Ukraine calls for full restoration of Black Sea ports and navigation
The first convoy of three bulk carriers left Ukraine this morning, carrying around 57,000 metric tons of grain and corn, as planned by the Joint Coordination Center in Istanbul. With the first ships also entering for Ukraine, government officials are now calling for the deal to be expanded to achieve their goal of restoring full functioning Black Sea ports.
bulk carriers Navi star, Rojenand Polarnet left Odessa and Chornomorsk. They were escorted into open waters and past mines set up near harbor entrances by Ukrainian pilots and harbor craft. At the end of the day, AIS signals show ships skirting the western Black Sea coast passing Romania en route to Istanbul. There they will each be inspected by the JCC before continuing to destinations in the UK, Ireland and Turkey.
Equally important to the success of the agreement, the bulk carrier Fulmer S. has been cleaned up as planned and is heading north into the Black Sea. It will become the first ship to arrive in Chornomorsk since the war began in February. In addition, although not included in yesterday’s CCC announcement, a second bulk carrier, the Osprey S. moves north across the Bosphorus late today, reflecting a destination of Ukraine.
Three bulk carriers are traveling south from Ukraine and one arrived on August 5 (image courtesy of Pole Star)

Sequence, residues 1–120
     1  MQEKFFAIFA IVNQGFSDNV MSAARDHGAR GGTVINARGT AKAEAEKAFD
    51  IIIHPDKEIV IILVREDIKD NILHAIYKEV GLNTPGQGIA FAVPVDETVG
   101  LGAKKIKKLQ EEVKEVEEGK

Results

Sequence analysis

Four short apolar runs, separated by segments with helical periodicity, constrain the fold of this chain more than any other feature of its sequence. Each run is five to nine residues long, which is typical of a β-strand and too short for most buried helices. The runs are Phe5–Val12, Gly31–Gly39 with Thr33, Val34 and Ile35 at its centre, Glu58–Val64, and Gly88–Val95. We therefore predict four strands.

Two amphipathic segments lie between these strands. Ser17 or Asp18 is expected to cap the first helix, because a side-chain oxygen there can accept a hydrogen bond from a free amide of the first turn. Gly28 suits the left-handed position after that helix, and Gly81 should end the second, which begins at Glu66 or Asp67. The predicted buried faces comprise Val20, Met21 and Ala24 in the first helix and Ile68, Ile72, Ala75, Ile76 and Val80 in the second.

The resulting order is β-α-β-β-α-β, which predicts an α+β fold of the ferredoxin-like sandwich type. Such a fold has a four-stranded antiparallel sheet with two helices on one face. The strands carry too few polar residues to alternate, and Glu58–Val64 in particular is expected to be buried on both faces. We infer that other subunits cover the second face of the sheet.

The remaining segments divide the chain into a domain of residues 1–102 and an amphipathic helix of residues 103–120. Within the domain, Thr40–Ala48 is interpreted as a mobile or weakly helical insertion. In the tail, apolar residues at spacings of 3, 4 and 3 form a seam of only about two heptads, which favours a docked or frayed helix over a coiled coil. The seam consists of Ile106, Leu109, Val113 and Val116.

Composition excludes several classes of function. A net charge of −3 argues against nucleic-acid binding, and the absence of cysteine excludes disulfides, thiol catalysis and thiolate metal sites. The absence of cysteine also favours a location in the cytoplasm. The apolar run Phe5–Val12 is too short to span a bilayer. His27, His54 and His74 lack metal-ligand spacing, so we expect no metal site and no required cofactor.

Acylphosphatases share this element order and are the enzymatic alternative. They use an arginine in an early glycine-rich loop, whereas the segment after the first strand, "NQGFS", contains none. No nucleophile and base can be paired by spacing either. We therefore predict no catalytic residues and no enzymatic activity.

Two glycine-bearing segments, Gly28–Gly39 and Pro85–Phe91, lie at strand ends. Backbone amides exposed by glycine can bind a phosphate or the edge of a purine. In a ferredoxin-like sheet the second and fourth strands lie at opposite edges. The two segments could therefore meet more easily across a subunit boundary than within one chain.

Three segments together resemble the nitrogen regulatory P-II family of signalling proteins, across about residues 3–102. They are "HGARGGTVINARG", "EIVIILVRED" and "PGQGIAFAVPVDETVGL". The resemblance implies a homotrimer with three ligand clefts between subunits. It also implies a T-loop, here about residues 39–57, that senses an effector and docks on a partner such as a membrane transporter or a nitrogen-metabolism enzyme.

“We hope that the security guarantees of our UN partners and Turkey will continue to work and that food exports from our ports will become stable and predictable for all market players,” said Oleksandr Kubrakov, Minister of Ukrainian Affairs. Infrastructure.
UN officials said their goal was to have a steady flow of grain out of Ukraine through the humanitarian corridor. They have set a target of up to five million tonnes per month. Kubrakov set the target at three million tonnes or more saying that would put them on their target to move 20 million tonnes of last year’s crop and start exporting new crops.
Kubrakov said Ukraine’s goal is to have the capacity to handle more than 100 ships per month. Brokers in the original UN and Turkish deal agreed to only transport grain and foodstuffs from Odessa, Chernomorsk and Yuzhny. There has been speculation that they may seek to expand the deal to include one or more additional Black Sea ports.
The ships left Odessa and Chornomorsk on August 5 (Oleksandr Kubrakov)
“This agreement is about logistics, the movement of ships across the Black Sea,” Taras Kachka, Ukraine’s deputy economy minister, told the Financial Times. “What is the difference between grain and iron ore? »
Observers point out that in addition to bulk carriers, various other vessels also found themselves trapped in Ukrainian ports at the start of the war. Media outlet Black Sea News reported that at least 24 foreign vessels were in ports in February. They listed Ro-Ros, vehicle carriers, a tanker and a Turkish container ship among the ships they say are still in ports and unable to leave under the current deal.
Echoing the economy minister’s comments, Kubrakov said: “Although the ‘grain corridor’ is already operational for the day, our goal is to have fully-fledged ports in both directions.”
The JCC continues to call today’s ship moment its second proof of concept. Their goal is to continue to monitor progress and refine the process to facilitate the movement of bulk carriers back and forth across the Black Sea.